My resident Stable Boy calls my horse Ping and I Barn Warriors. When I first heard myself so described, I thought he was saying Barn Worrier (something not too far off the mark come to think of it). But, he really meant warrior. Stable Boy says Ping and I are entitled to this honorary title because both my trusty steed and myself are just a couple of walking wounded, both lame on the same leg - plus one.
Ping (a.k.a. Pool Boy), my little New Zealand Thoroughbred, has been a rather gimpy throughout our brief association. Together, we have battled several trim-happy farriers, abscesses, a colic, upward fixations of the patella, sore stifles, touchy bruised soles, a half gainer over a pasture fence, and more recently, the absence of rather large portions of the hoof wall of his left hind foot! I estimate that in the 15 months since I received this gift, he has been sound for approximately six months give or take a month or two (mostly give - at least when it comes to money changing hands).
It’s 9:30 in the evening and it’s really hot. In July and August in my part of the world it’s always hot - hot, and humid, sticky and sultry, with very little breeze to provide relief from the oppressive mid-summer steam bath otherwise known as summertime in the Midwest. About the only time we get any relief from the stifling summer heat and humidity is when the occasional severe thunderstorm rolls through, bringing with it torrential rain, tornadic (my spell checker doe not like this word, but I believe it meteorologically correct because I’ve heard it used during severe weather bulletins as my family and I huddle in our basement in the middle of the night, following the advice of the man on the television by taking shelter in the nearest low-lying area of our home) gusts of wind strong enough to blow the iron patio furniture into the pool, and if we are really lucky, and the insurance company is not -- hail of varying sizes from grains of rice to baseballs.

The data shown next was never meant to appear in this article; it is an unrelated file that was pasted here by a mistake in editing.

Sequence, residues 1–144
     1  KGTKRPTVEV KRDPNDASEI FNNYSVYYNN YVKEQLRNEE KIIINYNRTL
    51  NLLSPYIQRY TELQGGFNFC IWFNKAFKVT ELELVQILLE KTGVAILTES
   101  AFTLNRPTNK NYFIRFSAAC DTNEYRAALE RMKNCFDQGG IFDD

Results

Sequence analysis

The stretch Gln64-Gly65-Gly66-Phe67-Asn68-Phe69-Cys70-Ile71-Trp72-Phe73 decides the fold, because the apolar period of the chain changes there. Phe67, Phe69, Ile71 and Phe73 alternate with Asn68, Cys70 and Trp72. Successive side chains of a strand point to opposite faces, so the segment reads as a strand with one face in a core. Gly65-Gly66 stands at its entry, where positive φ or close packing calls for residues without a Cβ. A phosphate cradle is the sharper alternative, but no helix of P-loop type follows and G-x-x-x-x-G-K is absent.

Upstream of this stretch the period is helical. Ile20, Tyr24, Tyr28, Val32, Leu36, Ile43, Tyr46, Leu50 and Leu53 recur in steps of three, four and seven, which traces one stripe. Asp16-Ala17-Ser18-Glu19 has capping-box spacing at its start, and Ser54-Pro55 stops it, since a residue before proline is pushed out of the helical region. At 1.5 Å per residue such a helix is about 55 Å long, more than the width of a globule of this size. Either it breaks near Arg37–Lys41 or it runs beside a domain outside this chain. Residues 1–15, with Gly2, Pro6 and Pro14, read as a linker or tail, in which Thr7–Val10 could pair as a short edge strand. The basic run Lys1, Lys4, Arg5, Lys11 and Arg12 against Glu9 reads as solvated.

But, on this languid summer evening, no air is moving. The stars are out and the misty night is blue and beautiful I’ve been at home for about ten minutes and am finally slipping into the pool – a moment I’ve been dreaming of all day. You see, I’ve been in the barn all day and am just now getting home. Ordinarily, I wouldn’t have been at the barn so late in the day, but I had to wait for the hay man. I swept the sweltering, dusty barn loft in order to make ready for a hay delivery ordered last week, and promised by my friendly, always smiling hay-making professional, to be delivered at 4:00 this afternoon.